As states begin to restart their economies, the reopening of retail stores and restaurants will be a key catalyst. In normal times, “reopening” meant restocking, tidying up, and turning the lights back on. Business owners will face a completely different retail landscape post-pandemic and must take steps to adjust accordingly.
With an estimated 630,000 retail locations closed nationwide, there will be a rush to reopen – and reopen quickly. Many customers will be anxious to shop again. Businesses will need to be strategic in how they operate to protect employees and customers against further spreading the coronavirus.
Business owners will also face the difficulty of reopening on a rolling schedule and having to comply with strict health requirements, on a national, state, and municipal level. As the country responds to the novel coronavirus, requirements can change on a moment’s notice. Business owners must be agile in reacting to the unpredictability. Reopening for business amidst many uncertainties can be unsettling. Here are four steps retail businesses will need to take to reopen safely in the coming days and weeks.
1) Clean to Disinfect
Common touchpoints such as shopping carts, point-of-sale devices, and door handles need to be sanitized often. What used to be cleaning to tidy up is now cleaning to disinfect. If someone at a location tests positive or displays symptoms, it is recommended to ventilate the area and wait 24 hours before cleaning again.
Document your cleaning to ensure it is done consistently and to avoid potential liability. It requires retailers to acquire and distribute cleaning supplies on a vast scale, including disinfectant, wipes, hand sanitizer, and gloves. Many of which are in short supply.
2) Redesign Spaces
Reevaluate the design and flow of your store and determine if there is safe distancing for shoppers and employees. Solutions could include installing plexiglass “sneeze guards” at POS stations, laying out spaced-out floor decals in checkout lines, or extra signage to redirect the flow of traffic inside the store. Retailers also need procedures in place to check customer temperatures or ensure they are wearing masks.
These new procedures may be subject to local regulations but otherwise each store needs to decide what makes sense for its unique location.
3) Protect Employees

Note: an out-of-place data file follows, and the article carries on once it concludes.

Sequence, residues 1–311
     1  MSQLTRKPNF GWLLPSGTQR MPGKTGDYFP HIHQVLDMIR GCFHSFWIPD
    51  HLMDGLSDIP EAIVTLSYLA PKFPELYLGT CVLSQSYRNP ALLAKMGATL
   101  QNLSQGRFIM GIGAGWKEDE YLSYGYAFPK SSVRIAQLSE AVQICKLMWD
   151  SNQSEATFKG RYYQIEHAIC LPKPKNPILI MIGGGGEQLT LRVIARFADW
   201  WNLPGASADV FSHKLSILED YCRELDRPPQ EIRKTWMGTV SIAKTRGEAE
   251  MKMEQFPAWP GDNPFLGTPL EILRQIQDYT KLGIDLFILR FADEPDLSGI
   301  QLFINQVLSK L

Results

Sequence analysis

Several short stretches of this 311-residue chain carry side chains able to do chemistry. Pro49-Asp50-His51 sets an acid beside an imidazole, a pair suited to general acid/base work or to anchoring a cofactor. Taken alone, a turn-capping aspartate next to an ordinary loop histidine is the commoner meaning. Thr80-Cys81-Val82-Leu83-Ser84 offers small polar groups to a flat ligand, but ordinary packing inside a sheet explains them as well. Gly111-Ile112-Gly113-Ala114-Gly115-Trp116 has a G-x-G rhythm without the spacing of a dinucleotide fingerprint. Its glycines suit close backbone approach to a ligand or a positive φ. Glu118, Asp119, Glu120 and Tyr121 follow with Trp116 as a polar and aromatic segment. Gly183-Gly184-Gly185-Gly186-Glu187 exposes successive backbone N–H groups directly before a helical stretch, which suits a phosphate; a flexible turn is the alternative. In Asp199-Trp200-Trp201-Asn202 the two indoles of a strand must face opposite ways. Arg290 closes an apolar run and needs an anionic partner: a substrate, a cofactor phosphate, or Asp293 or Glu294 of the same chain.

Personal safety equipment, such as face masks, gloves, and face shields, will be needed for all employees. Workers may have to fill out a daily health questionnaire and/or have temperatures checked to confirm they are fit to work.
Retailers also need policies for accommodating “at risk” employees, such as elderly workers or those with underlying health conditions, and for those who refuse to return to work. Make sure that you are in compliance with the mandatory federal posting requirements of the Families First Coronavirus Response Act. The poster is in effect until the end of 2020. It summarizes the emergency paid sick leave law and applies to private employers with fewer than 500 employees and certain public employees.
4) Get the Message Out
Let customers know how your business is responding and the steps you are taking to safely reopen. Customers need to be confident they are being protected, as well as the employees. Businesses can gain the trust of customers through transparency and prioritizing the well-being of their community over profitability. Whether it’s prominent signage that tells customers you are open, social media posts announcing updated hours and processes, or email marketing campaigns educating consumers about sanitation efforts, these efforts will go a long ways in winning customers long-term.
Despite the temptation to reopen quickly and hastily, it’s incumbent on all businesses and customers to follow state guidelines and be flexible as everyone adjusts to the “new normal.” Don’t expect customers to flock to stores immediately upon reopening but the steps businesses take now can provide a strong foundation for recovery. At Safeguard, we understand better than anyone that small business is the lifeblood of every community, and our local advisors are by your side as we recover. Safely. Together.